Sorry Not Sorry: Dreams, Mistakes, and Growing Up (英語) ハードカバー – 2016/9/13
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Funny and deeply personal, Sorry Not Sorry recounts Glee star Naya Rivera's successes and missteps, urging young women to pursue their dreams and to refuse to let past mistakes define them.
Navigating through youth and young adulthood isn't easy, and in Sorry Not Sorry, Naya Rivera shows us that we're not alone in the highs, lows, and in-betweens. Whether it's with love and dating, career and ambition, friends, or gossip, Naya inspires us to follow our own destiny and step over--or plod through--all the crap along the way. After her rise and fall from early childhood stardom, barely eking her way through high school, a brief stint as a Hooters waitress, going through thick and thin with her mom/manager, and resurrecting her acting career as Santana Lopez on Glee, Naya emerged from these experiences with some key life lessons:
- All those times I scrawled "I HATE MY MOM" in my journal. So many moms and teenage daughters don't get along--we just have to realize it's nothing personal on either side.
- At-home highlights and DIY hair extensions. Some things are best left to the experts, and hair dye is one of them.
- Falling in love with the idea of a person, instead of the actual person.
- That I don't always get along with everyone. Having people not like you is a risk you have to take to be real, and I'll take that over being fake any day.
- Laughing at the gossip instead of getting upset by it.
- Getting my financial disasters out of the way early--before I was married or had a family--so that the only credit score that I wrecked was my own.
Even with a successful career and a family that she loves more than anything else, Naya says, "There's still a thirteen-year-old girl inside of me making detailed lists of how I can improve, who's never sure of my own self-worth." Sorry Not Sorry is for that thirteen-year-old in all of us.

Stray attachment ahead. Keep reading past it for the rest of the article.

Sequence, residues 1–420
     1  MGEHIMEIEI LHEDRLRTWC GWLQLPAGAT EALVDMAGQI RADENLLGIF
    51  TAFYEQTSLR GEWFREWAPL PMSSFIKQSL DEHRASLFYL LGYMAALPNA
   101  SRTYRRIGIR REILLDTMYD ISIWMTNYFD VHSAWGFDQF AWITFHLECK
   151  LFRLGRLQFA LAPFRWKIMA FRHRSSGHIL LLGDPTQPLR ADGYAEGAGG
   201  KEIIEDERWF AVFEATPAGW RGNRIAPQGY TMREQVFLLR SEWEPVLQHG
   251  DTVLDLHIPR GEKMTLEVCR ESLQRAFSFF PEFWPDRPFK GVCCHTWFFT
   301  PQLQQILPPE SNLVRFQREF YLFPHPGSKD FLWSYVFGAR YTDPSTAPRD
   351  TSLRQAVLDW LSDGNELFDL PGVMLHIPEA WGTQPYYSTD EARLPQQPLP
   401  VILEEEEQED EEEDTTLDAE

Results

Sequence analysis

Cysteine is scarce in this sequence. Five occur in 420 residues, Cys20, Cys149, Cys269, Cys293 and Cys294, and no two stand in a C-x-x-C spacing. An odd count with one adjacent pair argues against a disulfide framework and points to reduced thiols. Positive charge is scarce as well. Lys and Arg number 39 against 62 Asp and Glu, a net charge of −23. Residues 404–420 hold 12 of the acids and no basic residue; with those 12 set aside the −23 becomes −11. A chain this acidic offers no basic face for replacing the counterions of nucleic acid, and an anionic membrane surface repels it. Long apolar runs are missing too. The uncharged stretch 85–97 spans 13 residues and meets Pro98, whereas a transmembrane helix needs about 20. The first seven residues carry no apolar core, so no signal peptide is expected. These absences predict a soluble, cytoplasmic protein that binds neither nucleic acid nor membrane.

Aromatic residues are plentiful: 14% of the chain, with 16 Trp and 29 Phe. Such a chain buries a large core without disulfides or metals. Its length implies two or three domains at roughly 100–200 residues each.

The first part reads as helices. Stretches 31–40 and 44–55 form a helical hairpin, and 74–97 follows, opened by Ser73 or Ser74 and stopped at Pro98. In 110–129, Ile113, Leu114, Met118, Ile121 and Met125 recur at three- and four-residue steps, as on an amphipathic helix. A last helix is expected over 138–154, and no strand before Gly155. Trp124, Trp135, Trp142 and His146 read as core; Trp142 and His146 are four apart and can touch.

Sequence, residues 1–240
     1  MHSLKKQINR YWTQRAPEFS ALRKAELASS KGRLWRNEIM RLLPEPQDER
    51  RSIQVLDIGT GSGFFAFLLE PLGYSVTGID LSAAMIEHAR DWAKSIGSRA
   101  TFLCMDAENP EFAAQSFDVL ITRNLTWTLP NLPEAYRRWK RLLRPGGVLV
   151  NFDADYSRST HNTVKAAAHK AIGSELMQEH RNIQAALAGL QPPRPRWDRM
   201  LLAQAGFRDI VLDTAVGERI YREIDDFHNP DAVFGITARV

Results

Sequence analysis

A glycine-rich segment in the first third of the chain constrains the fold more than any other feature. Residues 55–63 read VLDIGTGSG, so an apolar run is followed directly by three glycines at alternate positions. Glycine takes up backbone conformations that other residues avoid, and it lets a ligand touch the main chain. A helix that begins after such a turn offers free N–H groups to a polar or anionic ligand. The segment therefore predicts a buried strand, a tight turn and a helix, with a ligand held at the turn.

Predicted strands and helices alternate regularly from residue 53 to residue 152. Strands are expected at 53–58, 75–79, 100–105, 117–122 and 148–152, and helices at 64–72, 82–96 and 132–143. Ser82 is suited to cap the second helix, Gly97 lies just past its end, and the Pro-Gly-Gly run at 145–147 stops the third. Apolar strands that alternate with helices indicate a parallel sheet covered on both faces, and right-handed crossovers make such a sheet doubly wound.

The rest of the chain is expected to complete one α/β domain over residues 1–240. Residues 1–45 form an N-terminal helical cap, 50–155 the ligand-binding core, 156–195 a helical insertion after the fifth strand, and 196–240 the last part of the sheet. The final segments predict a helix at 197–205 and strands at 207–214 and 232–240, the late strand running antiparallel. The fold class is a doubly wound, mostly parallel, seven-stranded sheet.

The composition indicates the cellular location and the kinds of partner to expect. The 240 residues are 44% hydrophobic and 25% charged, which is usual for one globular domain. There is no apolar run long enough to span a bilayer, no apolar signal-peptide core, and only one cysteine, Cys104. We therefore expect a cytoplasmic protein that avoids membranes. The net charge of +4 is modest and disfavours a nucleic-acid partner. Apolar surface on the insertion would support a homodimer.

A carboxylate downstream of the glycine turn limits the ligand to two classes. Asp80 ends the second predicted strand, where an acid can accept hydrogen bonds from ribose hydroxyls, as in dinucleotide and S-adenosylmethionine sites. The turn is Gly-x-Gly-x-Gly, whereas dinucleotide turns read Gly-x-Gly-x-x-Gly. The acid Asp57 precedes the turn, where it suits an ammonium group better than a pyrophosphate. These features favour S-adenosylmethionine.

"Just like Naya’s singing voice, Sorry Not Sorry is powerful, genuine, and full of soul. I’ve known her for almost a decade and still I learned something new about her in every chapter. After reading Naya’s book you’ll admire her spirit, talent, and wit more than ever before.”
—Chris Colfer, actor and New York Times bestselling author of The Land of Stories series
The part that stuck out the most to me were when Naya talked about how everyone should be a slut at one point in her life. She wasn't actively telling readers to go out and have sex, but was reassuring them that it's alright to just have a lot of sex at one point in your life, just so you can get it out of your system and learn about yourself and what you like during the process. Not many people are willing to talk so openly about that, so it's refreshing to read about sex in a positive light. Also where she talks about her breast implants being for herself as a confidence booster and how it was one of the best decisions she's ever made.